As you count down the weeks to your due date, you’re likely getting really excited to meet your little one. But it’s also normal to be nervous about bringing baby home. After all, once you leave the hospital, you and your partner won’t have experienced nurses available around-the-clock to guide you in taking care of this tiny new person. Thankfully, there are some things you can prep now to make caring for baby (and yourselves) a little easier in those first few weeks. Read on for our sanity-saving strategies, including advice from real moms.
1. Arrange for Help
Even though they’re sleeping the majority of the day, caring for a newborn is more exhausting than most first-time parents realize. “We didn’t have help with our first [baby], and I felt so overwhelmed and isolated at first,” says Bea S. “With our second, we had my mom with us for two months, and it was a blessing!” Try to put a plan in place before baby arrives, rather than once you’re already feeling overwhelmed. Set a schedule for friends or family members who’ve volunteered to come over and help with a few chores or run errands for you over the first few weeks. Or consider hiring a caregiver, like a postpartum doula or baby nurse. They can be worth every penny, especially if you don’t have much other support nearby.
2. Prep Your Car
Believe us, during that first car ride home, you’ll cringe at every tiny bump in the road. But you’ll feel so much better if you’ve taken steps to make your vehicle super safe for baby. This, of course, includes installing a rear-facing infant car seat. “It’s never too early to be prepared,” says Lynda D., whose firstborn arrived five weeks early. (Surprise!) She learned her lesson: For baby no. 2, she installed the car seat far in advance—it’s recommended to do by 37 weeks, when you’re considered “early term.” (You can have a pro check your seat or help with installation at an inspection station near you.) While you’re at it, be sure your vehicle is up to date on inspections, and check your tires’ condition since they’re key to helping your car stop safely over and over again. Are they at the correct pressure for your car? Are they worn or damaged? If it’s been five years or at least 20,000 miles, you should have your tires professionally inspected to see if they’re still road-worthy. If not, consider replacing them with MICHELIN® PREMIER® A/S tires, which are designed to provide consistent performance whether new or worn.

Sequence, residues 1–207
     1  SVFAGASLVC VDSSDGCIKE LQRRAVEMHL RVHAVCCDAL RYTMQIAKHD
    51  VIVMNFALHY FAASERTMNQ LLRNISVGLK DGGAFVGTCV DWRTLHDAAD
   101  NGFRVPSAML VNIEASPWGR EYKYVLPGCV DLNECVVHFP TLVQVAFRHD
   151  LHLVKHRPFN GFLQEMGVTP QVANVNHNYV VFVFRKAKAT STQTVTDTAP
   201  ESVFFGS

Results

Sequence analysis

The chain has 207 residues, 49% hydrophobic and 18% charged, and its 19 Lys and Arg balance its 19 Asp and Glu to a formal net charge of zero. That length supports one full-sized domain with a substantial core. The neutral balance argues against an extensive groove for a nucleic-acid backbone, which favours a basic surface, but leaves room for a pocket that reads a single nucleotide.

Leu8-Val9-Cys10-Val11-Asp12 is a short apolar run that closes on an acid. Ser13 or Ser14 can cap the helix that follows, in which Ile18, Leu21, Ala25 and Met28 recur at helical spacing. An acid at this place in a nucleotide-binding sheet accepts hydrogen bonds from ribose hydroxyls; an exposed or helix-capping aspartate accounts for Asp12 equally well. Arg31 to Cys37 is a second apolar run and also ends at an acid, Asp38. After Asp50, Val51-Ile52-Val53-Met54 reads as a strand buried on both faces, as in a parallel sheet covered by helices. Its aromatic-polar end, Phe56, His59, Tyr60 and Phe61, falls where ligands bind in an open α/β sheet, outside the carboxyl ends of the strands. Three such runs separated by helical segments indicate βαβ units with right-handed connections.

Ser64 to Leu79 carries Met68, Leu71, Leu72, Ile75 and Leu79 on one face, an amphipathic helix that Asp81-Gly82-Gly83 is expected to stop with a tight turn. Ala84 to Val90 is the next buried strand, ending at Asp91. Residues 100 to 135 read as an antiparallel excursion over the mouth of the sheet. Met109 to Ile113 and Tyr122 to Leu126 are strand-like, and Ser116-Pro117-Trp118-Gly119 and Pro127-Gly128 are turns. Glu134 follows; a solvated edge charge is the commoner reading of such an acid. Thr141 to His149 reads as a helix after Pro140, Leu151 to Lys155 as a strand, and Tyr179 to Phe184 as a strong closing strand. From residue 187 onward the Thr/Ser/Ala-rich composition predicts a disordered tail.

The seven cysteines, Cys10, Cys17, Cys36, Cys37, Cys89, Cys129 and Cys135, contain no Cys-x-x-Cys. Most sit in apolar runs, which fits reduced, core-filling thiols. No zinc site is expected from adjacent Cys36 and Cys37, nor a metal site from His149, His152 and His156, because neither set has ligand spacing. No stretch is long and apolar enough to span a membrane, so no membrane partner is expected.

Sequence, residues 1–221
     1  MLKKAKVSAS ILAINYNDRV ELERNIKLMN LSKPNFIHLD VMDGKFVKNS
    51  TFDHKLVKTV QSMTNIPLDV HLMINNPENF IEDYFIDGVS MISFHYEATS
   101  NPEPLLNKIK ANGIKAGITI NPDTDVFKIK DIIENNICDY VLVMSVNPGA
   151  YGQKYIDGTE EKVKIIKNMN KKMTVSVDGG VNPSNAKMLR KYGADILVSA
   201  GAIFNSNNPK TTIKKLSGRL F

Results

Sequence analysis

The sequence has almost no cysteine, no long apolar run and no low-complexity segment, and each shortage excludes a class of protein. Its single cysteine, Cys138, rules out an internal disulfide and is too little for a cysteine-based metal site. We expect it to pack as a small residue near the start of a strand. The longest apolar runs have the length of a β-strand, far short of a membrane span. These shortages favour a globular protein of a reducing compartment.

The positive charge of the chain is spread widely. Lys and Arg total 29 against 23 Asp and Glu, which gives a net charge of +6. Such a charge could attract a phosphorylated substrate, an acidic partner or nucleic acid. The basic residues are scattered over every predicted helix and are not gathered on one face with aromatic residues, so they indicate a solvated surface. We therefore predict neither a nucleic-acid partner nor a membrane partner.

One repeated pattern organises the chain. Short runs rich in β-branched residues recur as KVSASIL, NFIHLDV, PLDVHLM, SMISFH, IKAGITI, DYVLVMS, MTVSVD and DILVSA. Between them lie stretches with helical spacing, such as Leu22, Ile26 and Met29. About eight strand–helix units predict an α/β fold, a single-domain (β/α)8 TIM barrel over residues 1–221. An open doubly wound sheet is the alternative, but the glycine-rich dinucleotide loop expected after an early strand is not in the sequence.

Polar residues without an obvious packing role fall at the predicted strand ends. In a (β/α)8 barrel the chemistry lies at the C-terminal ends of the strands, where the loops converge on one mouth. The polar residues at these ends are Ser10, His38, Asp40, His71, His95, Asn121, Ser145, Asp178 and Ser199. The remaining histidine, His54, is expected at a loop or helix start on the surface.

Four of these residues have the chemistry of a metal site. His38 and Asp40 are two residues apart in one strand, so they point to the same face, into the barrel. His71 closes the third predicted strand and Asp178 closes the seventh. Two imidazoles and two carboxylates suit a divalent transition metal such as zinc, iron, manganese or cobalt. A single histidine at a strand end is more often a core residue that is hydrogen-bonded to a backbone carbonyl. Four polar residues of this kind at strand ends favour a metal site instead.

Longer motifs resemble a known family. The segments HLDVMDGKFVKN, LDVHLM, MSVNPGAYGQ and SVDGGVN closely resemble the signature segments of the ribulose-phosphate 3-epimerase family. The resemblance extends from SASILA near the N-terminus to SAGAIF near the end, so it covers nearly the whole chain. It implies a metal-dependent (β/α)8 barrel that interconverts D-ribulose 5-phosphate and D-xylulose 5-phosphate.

3. Stock Changing and Feeding Stations
You’ll be clocking a ton of time on the glider or lounge chair feeding baby, and then inevitably at the changing table. To make these new activities as convenient as possible, stock multiple areas around your home with everything you’ll need for feeds and diaper changes—and don’t forget supplies for yourself too. “I set up nursing stations on every floor of my house with snacks, huge water bottles and nursing pillows,” says Jeanette D. “I also opened all wipes and lotion containers—anything that could be opened was opened.” This simple step (and even setting up automatic renewals or subscriptions for these items) can save you a lot of time and fumbling later.
4. Do the Laundry and Get Clothes Organized
Use a gentle detergent to prewash baby’s bedding and newborn clothing, along with some 0- to 3-month sizes. You don’t have to be Marie Kondo, but a little wardrobe organization can go a long way. “I used one drawer for newborn sizes, one drawer for 0-3 months, one for 3-6, and then took out the newborn and put in the 6-9 months clothes when the baby grew out of the smaller size,” Jeanette says. And you never know—you could have a big baby who completely skips newborn sizes! It’s also a good idea to put a fitted sheet on the crib or bassinet mattress and have some swaddling blankets ready for baby’s first snooze, since they’re likely to come home from the hospital already asleep. Trust us, you’ll be relieved to not have to deal with laundry in those first few days.
5. Make a Feeding Plan…for Yourself
It’s easy to get caught up in making sure baby’s fed and forget that you need to eat too. That’s why it’s a smart move for parents-to-be to stock the freezer with easy meals to reheat for quick dinners after baby arrives. But even if you don’t have the time (or energy) for major cooking in this homestretch, there are other ways to ensure you don’t end up eating pizza multiple nights a week (as great as that sounds). Find out which nearby grocery stores and healthy fast-casual places deliver, or suggest friends and family bring food if they ask how they can help. “I wish I had asked for food delivery service or healthy meal prep as gifts,” says Jenna M. “I needed someone to take care of my eating.” (Check out our take on some popular meal-kit delivery services.) After all, it’s not just important that baby is well taken care of once you’re home—it’s important you are too.